A one-day, hands-on, technical workshop focused on unlocking hydrologic data in Central Texas for public consumption.
From Supercomputers to Salamanders
Barton Springs is one of the jewels of Austin. As an important water resource that is part of the Edwards Aquifer, it is one of the most well-studied groundwater systems with a wide range of data and scientific information that contribute to decisions for protecting the Barton Springs Salamander and triggering drought conditions to protect drinking water supply for more than 60,000 individuals who depend on groundwater resources. Monitoring wells, creek flow stations, and precipitation allows us to track conditions within the Edwards Aquifer, but the data is not easily accessible.
The District has teamed up with the Texas Advanced Computing Center to host the first Barton Springs Hackathon! With support from the Hill Country Alliance, the Hackathon will be a fun day to learn, teach, and help make data more accessible.
A Hackathon to Save Our Springs
Here’s where you can help – we need everybody from coders to scientists to educators that can unlock the information collected from a large network of monitoring sites and help well owners and central Texas residents understand the groundwater system that feeds Barton Springs. Join a project team and lend your expertise to the challenge!
Who should attend?
Anyone with a technical, scientific or educational background who can help in the following project teams:
- Well water, stream flow, and precipitation data processing, analytics and visualization
- Web portal and query tool for well owners to identify the most relevant monitor well based on aquifer and location
- Education and awareness projects and curriculum
- Innovating our current sensor network to be IoT capable
- Creating GIS compatible data sets
Data Processing Team
Streamline downloading from sensors, uploading to data management, and processing. Compile precipitation, streamflow, and raw monitor well data into a useful format that facilitates analysis & visualization. Raw data have to be processed to remove spikes, corrected to match manual measurements, and checked for errors. Bonus points for automation!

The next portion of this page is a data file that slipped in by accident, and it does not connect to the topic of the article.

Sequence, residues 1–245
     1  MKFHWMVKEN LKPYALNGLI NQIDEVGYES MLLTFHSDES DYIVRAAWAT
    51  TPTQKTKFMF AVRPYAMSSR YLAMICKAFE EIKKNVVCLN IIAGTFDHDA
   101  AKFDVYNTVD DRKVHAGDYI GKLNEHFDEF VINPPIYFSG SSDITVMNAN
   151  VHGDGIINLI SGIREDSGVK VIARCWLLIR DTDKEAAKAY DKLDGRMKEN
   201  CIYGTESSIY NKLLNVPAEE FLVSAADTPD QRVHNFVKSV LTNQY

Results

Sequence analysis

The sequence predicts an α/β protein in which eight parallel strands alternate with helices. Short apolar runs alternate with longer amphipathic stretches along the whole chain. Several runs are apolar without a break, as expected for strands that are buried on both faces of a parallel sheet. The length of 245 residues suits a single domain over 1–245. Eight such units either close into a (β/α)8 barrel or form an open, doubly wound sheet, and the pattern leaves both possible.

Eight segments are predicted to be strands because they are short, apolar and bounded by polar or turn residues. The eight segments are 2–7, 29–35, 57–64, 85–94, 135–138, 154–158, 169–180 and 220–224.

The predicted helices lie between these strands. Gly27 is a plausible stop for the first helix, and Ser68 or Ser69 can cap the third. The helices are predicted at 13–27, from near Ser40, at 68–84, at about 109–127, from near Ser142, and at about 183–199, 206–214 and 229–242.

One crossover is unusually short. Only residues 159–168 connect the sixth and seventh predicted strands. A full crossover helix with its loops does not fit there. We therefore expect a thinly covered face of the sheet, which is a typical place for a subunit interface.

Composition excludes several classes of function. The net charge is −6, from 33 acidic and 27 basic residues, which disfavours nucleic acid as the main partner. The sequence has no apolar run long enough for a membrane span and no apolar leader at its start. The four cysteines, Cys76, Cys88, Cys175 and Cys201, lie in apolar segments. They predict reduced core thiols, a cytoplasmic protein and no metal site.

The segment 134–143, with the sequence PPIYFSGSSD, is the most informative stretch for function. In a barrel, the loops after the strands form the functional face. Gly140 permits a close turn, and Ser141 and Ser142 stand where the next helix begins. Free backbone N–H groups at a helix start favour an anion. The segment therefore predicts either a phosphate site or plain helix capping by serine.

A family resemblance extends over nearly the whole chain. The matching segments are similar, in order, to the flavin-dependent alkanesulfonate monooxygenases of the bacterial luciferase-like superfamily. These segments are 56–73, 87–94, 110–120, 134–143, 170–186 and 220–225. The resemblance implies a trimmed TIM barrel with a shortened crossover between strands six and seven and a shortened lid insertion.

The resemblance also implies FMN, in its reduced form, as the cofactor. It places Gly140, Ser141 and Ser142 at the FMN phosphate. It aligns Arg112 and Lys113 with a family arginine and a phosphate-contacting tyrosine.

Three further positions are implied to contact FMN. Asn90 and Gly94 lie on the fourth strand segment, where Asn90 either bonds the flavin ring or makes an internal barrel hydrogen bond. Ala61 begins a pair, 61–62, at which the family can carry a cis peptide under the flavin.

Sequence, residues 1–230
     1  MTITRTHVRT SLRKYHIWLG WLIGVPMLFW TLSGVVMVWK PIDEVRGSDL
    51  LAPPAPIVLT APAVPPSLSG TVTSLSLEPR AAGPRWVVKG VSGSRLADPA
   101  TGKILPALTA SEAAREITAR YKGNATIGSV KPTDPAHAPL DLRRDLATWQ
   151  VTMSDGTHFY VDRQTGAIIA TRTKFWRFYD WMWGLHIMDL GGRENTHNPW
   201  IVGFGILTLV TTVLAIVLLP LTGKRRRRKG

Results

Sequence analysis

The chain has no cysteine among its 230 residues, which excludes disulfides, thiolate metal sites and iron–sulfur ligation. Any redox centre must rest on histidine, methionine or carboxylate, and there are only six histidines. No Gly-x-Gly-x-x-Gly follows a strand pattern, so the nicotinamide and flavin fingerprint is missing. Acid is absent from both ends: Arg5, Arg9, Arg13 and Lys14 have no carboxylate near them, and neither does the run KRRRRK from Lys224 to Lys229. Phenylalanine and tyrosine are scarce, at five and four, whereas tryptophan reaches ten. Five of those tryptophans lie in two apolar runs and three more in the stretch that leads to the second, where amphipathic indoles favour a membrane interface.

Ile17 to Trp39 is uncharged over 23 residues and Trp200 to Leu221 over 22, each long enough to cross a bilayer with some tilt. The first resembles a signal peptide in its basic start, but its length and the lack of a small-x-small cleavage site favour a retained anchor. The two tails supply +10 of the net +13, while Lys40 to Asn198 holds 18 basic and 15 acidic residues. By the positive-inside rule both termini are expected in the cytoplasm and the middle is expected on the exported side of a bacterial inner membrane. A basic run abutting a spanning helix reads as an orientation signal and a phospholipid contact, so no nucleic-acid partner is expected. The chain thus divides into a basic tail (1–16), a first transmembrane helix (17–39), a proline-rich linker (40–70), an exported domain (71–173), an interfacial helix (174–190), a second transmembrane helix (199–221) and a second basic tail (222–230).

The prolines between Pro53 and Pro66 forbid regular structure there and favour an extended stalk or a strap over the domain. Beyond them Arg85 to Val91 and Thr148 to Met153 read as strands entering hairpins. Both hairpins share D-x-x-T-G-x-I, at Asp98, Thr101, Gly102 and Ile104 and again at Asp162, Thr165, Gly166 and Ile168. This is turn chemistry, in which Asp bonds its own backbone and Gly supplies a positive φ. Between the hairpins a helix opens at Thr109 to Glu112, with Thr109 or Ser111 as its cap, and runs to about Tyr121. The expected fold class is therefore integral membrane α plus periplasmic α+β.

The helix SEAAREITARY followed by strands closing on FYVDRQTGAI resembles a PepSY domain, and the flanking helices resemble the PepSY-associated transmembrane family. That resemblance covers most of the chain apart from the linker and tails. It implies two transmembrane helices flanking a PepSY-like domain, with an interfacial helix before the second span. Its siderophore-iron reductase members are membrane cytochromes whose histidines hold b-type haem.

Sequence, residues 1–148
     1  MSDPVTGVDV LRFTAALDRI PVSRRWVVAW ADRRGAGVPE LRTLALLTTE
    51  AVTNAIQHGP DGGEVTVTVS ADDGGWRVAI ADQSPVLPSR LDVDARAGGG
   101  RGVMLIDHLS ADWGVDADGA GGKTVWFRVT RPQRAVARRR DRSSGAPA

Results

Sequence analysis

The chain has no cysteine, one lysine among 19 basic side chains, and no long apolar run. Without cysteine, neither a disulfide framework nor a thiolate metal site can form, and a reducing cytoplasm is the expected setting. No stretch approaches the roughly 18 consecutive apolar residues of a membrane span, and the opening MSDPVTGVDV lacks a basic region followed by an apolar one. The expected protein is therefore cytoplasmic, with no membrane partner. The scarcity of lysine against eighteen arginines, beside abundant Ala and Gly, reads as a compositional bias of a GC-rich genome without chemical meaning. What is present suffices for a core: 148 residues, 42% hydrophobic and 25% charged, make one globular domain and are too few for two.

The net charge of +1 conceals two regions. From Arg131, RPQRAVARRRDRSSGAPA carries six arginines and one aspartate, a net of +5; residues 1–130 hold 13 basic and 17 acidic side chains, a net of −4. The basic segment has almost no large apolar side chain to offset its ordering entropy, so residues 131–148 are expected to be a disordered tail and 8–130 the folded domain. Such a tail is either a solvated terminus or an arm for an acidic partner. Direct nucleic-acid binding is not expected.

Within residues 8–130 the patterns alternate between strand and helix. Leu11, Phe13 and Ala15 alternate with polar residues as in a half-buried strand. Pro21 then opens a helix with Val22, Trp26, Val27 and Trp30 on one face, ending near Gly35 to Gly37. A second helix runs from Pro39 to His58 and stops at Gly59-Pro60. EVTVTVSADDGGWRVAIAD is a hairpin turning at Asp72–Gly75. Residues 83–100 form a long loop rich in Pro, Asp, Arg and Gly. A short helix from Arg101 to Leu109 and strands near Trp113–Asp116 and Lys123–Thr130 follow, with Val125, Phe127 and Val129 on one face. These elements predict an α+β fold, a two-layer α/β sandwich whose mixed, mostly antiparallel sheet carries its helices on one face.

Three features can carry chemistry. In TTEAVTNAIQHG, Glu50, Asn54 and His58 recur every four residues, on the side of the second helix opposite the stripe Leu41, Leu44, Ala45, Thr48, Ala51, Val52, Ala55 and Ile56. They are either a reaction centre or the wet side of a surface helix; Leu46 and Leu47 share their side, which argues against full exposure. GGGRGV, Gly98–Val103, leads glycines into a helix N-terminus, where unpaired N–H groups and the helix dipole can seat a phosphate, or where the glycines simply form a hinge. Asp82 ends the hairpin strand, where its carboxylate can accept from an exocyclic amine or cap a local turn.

Data Visualization Team
Show the water cycle in action above Barton Springs. Rain–> Recharge in the Creeks (recharge zone) –> Spring Flow & Wells’ Water Level Response.
Web Portal Team
Help well owners identify which Aquifer District monitor well is most applicable and closest to their well and find data on other nearby wells.
Teaching Resources Team
Create engaging teaching resources, modules, lessons that use data and visualizations developed by other project teams
Available data: BSEACD Aquifer Data page
BSEACD monitor wells
Daily water levels and sitefile with data summary (Geodatabase)
Daily water levels and sitefile with data summary (Excel)
Raw data (Individual Excel doc for each site, large zip file)
BSEACD staff maintains monitor wells that are downloaded quarterly and processed through Excel. Data comes in as 15-minute to 1-hr interval data. Corrections/shifts match manual measurements with the continuous measurements. Final datasets are daily minimums. Seeing what the time lag is and tracking aquifer response to rainfall/recharge would allow people to see how groundwater responds to rainfall events. Data are only updated manually (not real-time) 3-4 times a year. Currently, these data are not accessible on the web, but a snapshot current as of January 2017 are available here:
TWDB Groundwater Data
TWDB hosts two statewide datasets through the Water Data Interactive Map: Submitted Well Drillers Reports (well logs for wells drilled since 2003) and the Groundwater Database (water quality and water levels). They also collaborated to compile the Texas Mesonet that shows Real-time, interactive map showing current weather conditions across Texas.
LCRA Streamflow & Precip
Hydromet Interactive Map
LCRA maintains and serves up streamflow and precipitation data through the LCRA Hydromet. Streamflow and precipitation help indicate how much recharge is happening. The Hydromet is especially useful in reporting rainfall above the recharge zone.
USGS Streamflow & Lovelady Monitor Well
Texas Water Dashboard Interactive Map
USGS Gauges in District
USGS maintains and serves streamflow data for sites above and below the recharge zone on the major contributing streams. When you compare flow upstream of the recharge zone with downstream flow, it can give an indication of how much recharge is happening (Ex. Upstream Barton Creek: 100cfs, Downstream Barton Creek: 75cfs = 25cfs estimated recharge loss).